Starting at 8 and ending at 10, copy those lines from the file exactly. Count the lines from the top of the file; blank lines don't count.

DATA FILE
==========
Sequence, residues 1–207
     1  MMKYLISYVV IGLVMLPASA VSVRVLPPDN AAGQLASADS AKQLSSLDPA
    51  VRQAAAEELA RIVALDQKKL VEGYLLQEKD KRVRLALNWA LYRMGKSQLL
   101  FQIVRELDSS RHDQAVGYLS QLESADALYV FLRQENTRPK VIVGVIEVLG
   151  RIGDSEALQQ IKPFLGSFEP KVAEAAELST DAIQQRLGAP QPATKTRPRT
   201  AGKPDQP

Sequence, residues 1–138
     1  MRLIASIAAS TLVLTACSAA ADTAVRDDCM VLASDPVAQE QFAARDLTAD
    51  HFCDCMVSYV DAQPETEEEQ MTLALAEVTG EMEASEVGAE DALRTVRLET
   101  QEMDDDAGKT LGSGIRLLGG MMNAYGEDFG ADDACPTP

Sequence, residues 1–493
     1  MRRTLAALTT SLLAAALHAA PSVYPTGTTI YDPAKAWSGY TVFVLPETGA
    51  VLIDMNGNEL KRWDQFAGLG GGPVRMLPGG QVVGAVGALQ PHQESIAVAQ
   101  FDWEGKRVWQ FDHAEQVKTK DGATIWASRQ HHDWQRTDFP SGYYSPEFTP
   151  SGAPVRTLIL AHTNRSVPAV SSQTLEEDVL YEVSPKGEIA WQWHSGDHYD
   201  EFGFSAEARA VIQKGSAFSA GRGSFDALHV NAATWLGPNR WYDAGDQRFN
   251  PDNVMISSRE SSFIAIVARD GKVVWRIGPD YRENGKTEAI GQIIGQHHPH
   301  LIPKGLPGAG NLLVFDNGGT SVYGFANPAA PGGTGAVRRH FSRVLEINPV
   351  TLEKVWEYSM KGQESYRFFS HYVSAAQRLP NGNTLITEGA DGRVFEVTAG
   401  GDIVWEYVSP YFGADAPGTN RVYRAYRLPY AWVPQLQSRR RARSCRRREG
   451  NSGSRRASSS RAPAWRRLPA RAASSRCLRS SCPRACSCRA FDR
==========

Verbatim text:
     1  MRLIASIAAS TLVLTACSAA ADTAVRDDCM VLASDPVAQE QFAARDLTAD
    51  HFCDCMVSYV DAQPETEEEQ MTLALAEVTG EMEASEVGAE DALRTVRLET
   101  QEMDDDAGKT LGSGIRLLGG MMNAYGEDFG ADDACPTP